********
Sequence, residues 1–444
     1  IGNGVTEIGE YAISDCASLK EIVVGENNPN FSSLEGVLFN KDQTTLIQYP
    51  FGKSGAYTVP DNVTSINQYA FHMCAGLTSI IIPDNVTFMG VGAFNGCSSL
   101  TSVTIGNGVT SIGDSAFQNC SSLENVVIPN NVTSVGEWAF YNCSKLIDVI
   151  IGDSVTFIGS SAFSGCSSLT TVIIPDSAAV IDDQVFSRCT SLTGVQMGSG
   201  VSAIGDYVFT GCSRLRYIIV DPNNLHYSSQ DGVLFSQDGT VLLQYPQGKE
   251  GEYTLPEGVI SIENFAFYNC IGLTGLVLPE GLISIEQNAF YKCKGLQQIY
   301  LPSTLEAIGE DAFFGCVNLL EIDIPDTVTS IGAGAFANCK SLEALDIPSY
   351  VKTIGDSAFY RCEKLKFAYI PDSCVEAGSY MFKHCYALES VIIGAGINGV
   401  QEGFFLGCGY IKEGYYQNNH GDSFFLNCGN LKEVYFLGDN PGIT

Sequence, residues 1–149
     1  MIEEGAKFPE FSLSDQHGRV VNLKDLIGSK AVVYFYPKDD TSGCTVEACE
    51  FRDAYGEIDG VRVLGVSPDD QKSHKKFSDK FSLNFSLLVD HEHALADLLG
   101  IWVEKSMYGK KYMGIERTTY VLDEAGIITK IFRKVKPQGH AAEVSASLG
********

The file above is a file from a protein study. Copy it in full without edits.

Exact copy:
Sequence, residues 1–444
     1  IGNGVTEIGE YAISDCASLK EIVVGENNPN FSSLEGVLFN KDQTTLIQYP
    51  FGKSGAYTVP DNVTSINQYA FHMCAGLTSI IIPDNVTFMG VGAFNGCSSL
   101  TSVTIGNGVT SIGDSAFQNC SSLENVVIPN NVTSVGEWAF YNCSKLIDVI
   151  IGDSVTFIGS SAFSGCSSLT TVIIPDSAAV IDDQVFSRCT SLTGVQMGSG
   201  VSAIGDYVFT GCSRLRYIIV DPNNLHYSSQ DGVLFSQDGT VLLQYPQGKE
   251  GEYTLPEGVI SIENFAFYNC IGLTGLVLPE GLISIEQNAF YKCKGLQQIY
   301  LPSTLEAIGE DAFFGCVNLL EIDIPDTVTS IGAGAFANCK SLEALDIPSY
   351  VKTIGDSAFY RCEKLKFAYI PDSCVEAGSY MFKHCYALES VIIGAGINGV
   401  QEGFFLGCGY IKEGYYQNNH GDSFFLNCGN LKEVYFLGDN PGIT

Sequence, residues 1–149
     1  MIEEGAKFPE FSLSDQHGRV VNLKDLIGSK AVVYFYPKDD TSGCTVEACE
    51  FRDAYGEIDG VRVLGVSPDD QKSHKKFSDK FSLNFSLLVD HEHALADLLG
   101  IWVEKSMYGK KYMGIERTTY VLDEAGIITK IFRKVKPQGH AAEVSASLG